The creation of the Indiana Choice Scholarship Program: The state’s property tax reform made the size of these scholarships larger than they would have been absent the reform, as these scholarships are funded by the state in a manner that is tied to state support for public school students. As state support per public school student increased, the size of these scholarships increased as well—and this relationship between funding for the scholarship and state support for public school students is statutory.
An elimination of the cap on the number of charter schools: With a removal of the cap, charter school enrollment grew significantly during this time period as well. While there has been a decrease in the number of charter school students in recent years, between 2006 and 2018, the number of Indiana students enrolled in a charter school increased from 7,000 to 38,000.
An inadvertent increase in the ease in which families could exercise interdistrict choice within the public education system: One could argue that the move toward more state funding—and less reliance on local funding—for public schools was a move toward centralization and away from local control. In Indiana, however, the shift to state funding was counterintuitively a step toward more local control—in the form of parent rather than district choices. District-school choice (both within and between school districts) is significantly larger than it was prior to the reform, at nearly 60,000 participating students in 2019. Currently, nearly 130,000 Indiana students are enrolled in schools of choice—schools that are not their traditional neighborhood public school.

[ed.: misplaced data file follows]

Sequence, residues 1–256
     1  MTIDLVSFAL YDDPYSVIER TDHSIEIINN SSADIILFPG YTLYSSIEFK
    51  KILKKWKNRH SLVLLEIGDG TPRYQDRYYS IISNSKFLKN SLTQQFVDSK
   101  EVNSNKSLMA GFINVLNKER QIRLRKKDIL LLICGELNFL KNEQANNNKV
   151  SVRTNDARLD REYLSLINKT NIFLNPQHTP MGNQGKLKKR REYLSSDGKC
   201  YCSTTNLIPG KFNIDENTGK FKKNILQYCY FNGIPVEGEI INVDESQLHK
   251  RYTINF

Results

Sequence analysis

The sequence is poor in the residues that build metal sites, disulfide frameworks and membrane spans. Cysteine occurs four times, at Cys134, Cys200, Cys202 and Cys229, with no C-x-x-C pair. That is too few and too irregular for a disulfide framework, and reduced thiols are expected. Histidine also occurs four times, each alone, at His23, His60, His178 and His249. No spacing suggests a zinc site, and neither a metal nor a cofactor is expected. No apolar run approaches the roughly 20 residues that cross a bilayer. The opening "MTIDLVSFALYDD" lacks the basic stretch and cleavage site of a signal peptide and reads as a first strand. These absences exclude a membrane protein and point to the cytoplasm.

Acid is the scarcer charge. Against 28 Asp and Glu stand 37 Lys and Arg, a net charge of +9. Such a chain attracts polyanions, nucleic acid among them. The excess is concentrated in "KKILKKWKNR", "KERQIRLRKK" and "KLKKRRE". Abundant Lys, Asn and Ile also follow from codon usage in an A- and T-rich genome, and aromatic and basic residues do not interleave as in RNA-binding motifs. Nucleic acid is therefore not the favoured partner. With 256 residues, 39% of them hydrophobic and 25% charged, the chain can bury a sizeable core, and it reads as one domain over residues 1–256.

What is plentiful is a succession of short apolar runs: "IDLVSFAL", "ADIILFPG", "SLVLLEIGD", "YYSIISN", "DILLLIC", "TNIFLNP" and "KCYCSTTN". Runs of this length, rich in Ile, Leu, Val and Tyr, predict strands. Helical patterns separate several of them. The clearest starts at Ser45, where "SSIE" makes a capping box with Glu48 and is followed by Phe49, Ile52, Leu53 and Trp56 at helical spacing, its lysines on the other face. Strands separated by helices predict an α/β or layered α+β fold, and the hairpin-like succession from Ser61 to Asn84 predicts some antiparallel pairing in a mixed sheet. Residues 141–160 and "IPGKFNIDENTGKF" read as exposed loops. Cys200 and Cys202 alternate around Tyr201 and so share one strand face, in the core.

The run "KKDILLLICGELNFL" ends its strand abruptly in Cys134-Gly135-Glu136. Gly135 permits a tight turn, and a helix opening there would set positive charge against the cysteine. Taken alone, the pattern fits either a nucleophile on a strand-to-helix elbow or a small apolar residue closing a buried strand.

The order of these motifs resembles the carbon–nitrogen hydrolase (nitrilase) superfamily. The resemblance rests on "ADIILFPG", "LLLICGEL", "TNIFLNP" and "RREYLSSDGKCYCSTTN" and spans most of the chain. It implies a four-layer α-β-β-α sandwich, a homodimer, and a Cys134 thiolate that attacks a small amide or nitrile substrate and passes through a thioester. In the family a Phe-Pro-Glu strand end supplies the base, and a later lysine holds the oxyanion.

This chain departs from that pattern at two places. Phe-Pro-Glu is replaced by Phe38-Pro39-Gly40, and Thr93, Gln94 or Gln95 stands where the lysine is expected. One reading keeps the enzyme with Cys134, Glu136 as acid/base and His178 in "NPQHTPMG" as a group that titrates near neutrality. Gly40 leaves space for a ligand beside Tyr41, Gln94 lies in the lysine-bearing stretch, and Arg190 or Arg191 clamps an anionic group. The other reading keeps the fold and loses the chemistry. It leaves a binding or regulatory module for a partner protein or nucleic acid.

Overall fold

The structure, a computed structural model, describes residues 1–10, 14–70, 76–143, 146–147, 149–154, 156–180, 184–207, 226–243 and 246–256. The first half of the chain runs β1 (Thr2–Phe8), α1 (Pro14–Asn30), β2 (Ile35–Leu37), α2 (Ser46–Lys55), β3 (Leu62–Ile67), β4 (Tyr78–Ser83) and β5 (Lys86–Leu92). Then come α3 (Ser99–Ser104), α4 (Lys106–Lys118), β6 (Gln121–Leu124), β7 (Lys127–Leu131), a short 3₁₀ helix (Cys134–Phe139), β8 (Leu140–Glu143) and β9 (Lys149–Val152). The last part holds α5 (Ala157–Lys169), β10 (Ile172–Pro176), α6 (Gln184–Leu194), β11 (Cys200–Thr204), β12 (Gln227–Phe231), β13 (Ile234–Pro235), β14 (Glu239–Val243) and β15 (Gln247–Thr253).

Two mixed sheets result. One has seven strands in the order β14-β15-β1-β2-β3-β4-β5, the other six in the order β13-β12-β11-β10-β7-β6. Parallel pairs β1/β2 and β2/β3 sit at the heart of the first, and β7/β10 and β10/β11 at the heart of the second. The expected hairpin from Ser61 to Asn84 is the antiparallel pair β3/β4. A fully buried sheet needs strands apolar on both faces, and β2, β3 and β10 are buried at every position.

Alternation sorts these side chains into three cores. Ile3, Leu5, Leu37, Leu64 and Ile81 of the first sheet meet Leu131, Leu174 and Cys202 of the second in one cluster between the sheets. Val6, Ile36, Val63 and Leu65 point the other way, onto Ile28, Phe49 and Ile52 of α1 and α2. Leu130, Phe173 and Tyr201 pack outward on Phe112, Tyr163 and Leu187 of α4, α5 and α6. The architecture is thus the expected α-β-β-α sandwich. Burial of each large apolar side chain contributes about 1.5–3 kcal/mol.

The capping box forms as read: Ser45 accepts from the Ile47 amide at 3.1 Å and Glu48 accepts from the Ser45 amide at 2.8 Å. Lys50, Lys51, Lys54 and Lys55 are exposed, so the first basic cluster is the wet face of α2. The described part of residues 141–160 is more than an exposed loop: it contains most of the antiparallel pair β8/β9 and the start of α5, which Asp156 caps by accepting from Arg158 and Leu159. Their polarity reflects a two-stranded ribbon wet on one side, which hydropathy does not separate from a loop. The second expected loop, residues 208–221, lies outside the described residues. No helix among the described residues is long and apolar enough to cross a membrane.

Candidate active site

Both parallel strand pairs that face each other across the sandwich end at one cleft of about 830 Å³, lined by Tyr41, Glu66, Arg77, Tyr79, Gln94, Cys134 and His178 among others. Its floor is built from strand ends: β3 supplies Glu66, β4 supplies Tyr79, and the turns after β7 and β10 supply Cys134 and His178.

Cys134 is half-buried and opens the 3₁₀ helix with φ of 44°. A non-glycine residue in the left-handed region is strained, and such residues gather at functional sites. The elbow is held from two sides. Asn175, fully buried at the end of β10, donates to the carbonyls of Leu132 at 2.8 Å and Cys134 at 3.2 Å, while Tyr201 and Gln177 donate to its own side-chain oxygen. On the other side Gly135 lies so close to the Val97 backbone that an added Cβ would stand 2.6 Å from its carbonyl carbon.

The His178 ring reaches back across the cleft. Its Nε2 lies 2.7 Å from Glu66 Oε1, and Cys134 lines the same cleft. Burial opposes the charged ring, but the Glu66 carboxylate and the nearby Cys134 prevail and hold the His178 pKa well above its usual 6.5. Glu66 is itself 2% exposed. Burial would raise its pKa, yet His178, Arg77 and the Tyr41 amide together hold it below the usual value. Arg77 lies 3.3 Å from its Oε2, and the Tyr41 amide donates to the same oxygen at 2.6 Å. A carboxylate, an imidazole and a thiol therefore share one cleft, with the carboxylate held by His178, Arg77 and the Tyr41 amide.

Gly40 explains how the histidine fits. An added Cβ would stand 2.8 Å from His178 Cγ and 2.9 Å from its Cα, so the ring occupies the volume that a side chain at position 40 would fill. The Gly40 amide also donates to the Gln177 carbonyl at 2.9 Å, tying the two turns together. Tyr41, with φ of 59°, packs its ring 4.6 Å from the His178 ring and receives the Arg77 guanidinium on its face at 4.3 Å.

The adoption of an A–F accountability system for both public and private schools: Unlike other states that offer private school choice, Indiana’s A–F accountability system applies to both public and non-public schools—making it the most comprehensive in the nation. All non-public schools participating in the choice scholarship program receive a letter grade, and all students in private schools that participate in the voucher program—including those students who do not receive a voucher—are required by law to take state tests.
Applicability to other states
The sheer number of reforms makes inferences about any one reform impossible. But Indiana’s approach does provide evidence that students and families, as well as school districts, would be better served if states, rather than local governments, shouldered more of the burden for school funding—accompanied by the suite of choice and accountability reforms that were also enacted into law. This is a point worth underscoring: Equity for students and families plus greater accountability on the part of school districts are the “both/and” that can bring all sides together.
Indiana’s three key ingredients—the movement toward more of a state-based funding model, the expansion of public and non-public school choice, and a robust A–F accountability system that holds both private and public education sectors to account—is a rare triumvirate among states today. There are certainly tensions that have arisen from Indiana’s decision to shoulder the responsibility for school funding, but these tradeoffs have made the education system better as a whole, and continue to fuel the state’s pursuit of educational equity, excellence, and opportunity.